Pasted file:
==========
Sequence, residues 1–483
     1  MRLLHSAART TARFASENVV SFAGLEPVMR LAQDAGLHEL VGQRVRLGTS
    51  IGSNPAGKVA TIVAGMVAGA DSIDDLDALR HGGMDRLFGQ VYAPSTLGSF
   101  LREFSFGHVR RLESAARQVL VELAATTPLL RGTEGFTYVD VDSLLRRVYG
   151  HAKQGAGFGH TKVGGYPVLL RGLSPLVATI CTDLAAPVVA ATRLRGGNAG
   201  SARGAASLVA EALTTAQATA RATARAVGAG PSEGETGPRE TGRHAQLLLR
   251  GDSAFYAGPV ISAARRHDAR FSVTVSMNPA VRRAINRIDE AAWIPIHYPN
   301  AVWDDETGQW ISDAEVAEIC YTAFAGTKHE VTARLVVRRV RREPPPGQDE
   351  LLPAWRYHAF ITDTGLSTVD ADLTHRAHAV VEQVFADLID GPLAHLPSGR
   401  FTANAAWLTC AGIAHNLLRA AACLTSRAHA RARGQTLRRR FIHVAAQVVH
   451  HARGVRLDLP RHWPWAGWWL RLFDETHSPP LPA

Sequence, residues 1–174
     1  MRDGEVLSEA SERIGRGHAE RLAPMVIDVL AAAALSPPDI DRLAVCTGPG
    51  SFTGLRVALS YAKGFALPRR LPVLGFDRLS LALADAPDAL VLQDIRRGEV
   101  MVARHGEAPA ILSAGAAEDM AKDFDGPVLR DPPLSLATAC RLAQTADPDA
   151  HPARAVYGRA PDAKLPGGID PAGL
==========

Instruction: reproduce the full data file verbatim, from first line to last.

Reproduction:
Sequence, residues 1–483
     1  MRLLHSAART TARFASENVV SFAGLEPVMR LAQDAGLHEL VGQRVRLGTS
    51  IGSNPAGKVA TIVAGMVAGA DSIDDLDALR HGGMDRLFGQ VYAPSTLGSF
   101  LREFSFGHVR RLESAARQVL VELAATTPLL RGTEGFTYVD VDSLLRRVYG
   151  HAKQGAGFGH TKVGGYPVLL RGLSPLVATI CTDLAAPVVA ATRLRGGNAG
   201  SARGAASLVA EALTTAQATA RATARAVGAG PSEGETGPRE TGRHAQLLLR
   251  GDSAFYAGPV ISAARRHDAR FSVTVSMNPA VRRAINRIDE AAWIPIHYPN
   301  AVWDDETGQW ISDAEVAEIC YTAFAGTKHE VTARLVVRRV RREPPPGQDE
   351  LLPAWRYHAF ITDTGLSTVD ADLTHRAHAV VEQVFADLID GPLAHLPSGR
   401  FTANAAWLTC AGIAHNLLRA AACLTSRAHA RARGQTLRRR FIHVAAQVVH
   451  HARGVRLDLP RHWPWAGWWL RLFDETHSPP LPA

Sequence, residues 1–174
     1  MRDGEVLSEA SERIGRGHAE RLAPMVIDVL AAAALSPPDI DRLAVCTGPG
    51  SFTGLRVALS YAKGFALPRR LPVLGFDRLS LALADAPDAL VLQDIRRGEV
   101  MVARHGEAPA ILSAGAAEDM AKDFDGPVLR DPPLSLATAC RLAQTADPDA
   151  HPARAVYGRA PDAKLPGGID PAGL